Fulfil your rights — Ask Ask Ask — Questions, Queries, Methods.

Share healthy messages, music, quotes, feelings, feedback’s, messages. Simple forwards won’t do justice here. Understand, it’s a two-way process. *I Contribute, You Contribute – Healthy Capacity-Building Community.*

I hope this helps.

A hand is extended to help, catch it or leave it is your will.

By Jigyasa Tandon

About the author: Jigyasa Tandon is a Teacher, Youth Mentor, Researcher, Certified HR, NLP Practitioner, Writer, Poet, Trainer, Social Activist, Mental Health Advocate, Counselling Psychologist (Experienced to manage Sensitive Groups), Mental Health Educationist, NIMHANS, Bangalore. 

She has laid the foundation of PSY-FI: For a Healthy Mind, an organisation that is vocal for mental health education, resource building, capacity-building, mental health first aid and counselling services. 

You can write to her at if you are facing mental strain, stress, the grief of a lost one, self-harm, Class 12th study material and other workshops you want to participate in or conduct at your organisation. 

She is currently running three peer support groups for lawyers, students, and teachers to facilitate mental health through the Covid-19 pandemic.

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An ambassador and trained facilitator under Eco Femme (a social enterprise working towards menstrual health in south India), Sanjina is also an active member of the MHM Collective- India and Menstrual Health Alliance- India. She has conducted Menstrual Health sessions in multiple government schools adopted by Rotary District 3240 as part of their WinS project in rural Bengal. She has also delivered training of trainers on SRHR, gender, sexuality and Menstruation for Tomorrow’s Foundation, Vikramshila Education Resource Society, Nirdhan trust and Micro Finance, Tollygunj Women In Need, Paint It Red in Kolkata.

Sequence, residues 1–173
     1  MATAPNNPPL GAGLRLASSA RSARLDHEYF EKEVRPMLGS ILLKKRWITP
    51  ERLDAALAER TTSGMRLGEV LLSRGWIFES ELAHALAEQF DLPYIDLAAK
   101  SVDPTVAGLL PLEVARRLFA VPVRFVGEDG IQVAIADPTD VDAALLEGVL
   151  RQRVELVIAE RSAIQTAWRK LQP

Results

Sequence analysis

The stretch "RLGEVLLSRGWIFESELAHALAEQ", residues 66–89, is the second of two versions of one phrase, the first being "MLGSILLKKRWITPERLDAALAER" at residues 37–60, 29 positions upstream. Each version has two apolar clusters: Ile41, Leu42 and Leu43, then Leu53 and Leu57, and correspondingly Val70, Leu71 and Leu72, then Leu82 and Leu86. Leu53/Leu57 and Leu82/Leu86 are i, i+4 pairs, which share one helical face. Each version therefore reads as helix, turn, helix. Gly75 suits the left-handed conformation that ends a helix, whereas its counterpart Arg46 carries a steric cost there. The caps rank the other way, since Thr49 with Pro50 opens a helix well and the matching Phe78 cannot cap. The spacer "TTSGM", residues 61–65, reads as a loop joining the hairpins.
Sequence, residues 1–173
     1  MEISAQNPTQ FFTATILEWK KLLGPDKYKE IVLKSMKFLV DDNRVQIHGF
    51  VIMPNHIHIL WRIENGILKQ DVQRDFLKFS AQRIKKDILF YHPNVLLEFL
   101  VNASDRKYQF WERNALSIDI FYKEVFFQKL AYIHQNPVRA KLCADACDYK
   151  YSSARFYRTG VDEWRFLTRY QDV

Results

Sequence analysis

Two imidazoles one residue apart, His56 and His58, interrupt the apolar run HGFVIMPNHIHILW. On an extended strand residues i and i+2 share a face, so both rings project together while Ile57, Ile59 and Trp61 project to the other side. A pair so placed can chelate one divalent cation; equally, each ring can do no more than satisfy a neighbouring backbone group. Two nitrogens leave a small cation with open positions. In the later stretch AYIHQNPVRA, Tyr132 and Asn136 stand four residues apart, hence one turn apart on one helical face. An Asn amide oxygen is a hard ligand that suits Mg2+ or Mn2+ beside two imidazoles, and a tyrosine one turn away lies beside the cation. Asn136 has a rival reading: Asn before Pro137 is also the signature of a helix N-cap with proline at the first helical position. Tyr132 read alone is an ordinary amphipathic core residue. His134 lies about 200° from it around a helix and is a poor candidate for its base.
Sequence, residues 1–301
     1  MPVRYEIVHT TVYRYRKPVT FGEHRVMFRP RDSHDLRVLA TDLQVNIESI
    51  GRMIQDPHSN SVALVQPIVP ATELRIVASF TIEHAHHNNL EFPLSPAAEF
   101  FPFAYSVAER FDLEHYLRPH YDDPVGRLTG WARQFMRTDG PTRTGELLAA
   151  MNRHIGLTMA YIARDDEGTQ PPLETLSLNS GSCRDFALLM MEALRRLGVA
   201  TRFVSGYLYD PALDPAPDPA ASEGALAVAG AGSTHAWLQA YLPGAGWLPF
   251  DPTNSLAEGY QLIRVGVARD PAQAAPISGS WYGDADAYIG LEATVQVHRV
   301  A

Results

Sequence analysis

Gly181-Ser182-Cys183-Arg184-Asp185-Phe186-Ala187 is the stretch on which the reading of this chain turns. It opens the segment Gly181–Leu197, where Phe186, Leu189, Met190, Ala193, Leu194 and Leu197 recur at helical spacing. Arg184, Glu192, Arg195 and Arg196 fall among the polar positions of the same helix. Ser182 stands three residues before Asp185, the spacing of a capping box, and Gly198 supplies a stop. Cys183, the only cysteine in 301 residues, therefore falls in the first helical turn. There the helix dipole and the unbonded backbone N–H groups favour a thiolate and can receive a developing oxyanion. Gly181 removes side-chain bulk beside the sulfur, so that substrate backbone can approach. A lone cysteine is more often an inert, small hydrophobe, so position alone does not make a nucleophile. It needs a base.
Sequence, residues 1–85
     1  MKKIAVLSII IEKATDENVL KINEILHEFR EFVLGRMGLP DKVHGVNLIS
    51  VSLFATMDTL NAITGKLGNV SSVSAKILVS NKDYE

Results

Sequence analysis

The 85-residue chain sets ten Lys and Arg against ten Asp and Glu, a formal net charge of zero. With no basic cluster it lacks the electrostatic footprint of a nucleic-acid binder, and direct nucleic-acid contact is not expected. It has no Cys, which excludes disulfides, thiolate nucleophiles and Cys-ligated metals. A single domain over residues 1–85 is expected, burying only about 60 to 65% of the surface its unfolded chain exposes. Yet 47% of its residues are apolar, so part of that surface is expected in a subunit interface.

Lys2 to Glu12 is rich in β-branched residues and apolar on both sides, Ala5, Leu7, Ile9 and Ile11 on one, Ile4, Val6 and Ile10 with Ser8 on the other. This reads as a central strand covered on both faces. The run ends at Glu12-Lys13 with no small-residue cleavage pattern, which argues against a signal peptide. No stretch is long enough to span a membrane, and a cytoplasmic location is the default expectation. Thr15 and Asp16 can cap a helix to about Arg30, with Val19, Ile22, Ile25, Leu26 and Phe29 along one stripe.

Now as an MH Fellow with YKA, she’s expanding her impressive scope of work further by launching a campaign to facilitate the process of ensuring better menstrual health and SRH services for women residing in correctional homes in West Bengal. The campaign will entail an independent study to take stalk of the present conditions of MHM in correctional homes across the state and use its findings to build public support and political will to take the necessary action.

Saurabh has been associated with YKA as a user and has consistently been writing on the issue MHM and its intersectionality with other issues in the society. Now as an MHM Fellow with YKA, he’s launched the Right to Period campaign, which aims to ensure proper execution of MHM guidelines in Delhi’s schools.

The long-term aim of the campaign is to develop an open culture where menstruation is not treated as a taboo. The campaign also seeks to hold the schools accountable for their responsibilities as an important component in the implementation of MHM policies by making adequate sanitation infrastructure and knowledge of MHM available in school premises.

Read more about his campaign.

Harshita is a psychologist and works to support people with mental health issues, particularly adolescents who are survivors of violence. Associated with the Azadi Foundation in UP, Harshita became an MHM Fellow with YKA, with the aim of promoting better menstrual health.

Her campaign #MeriMarzi aims to promote menstrual health and wellness, hygiene and facilities for female sex workers in UP. She says, “Knowledge about natural body processes is a very basic human right. And for individuals whose occupation is providing sexual services, it becomes even more important.”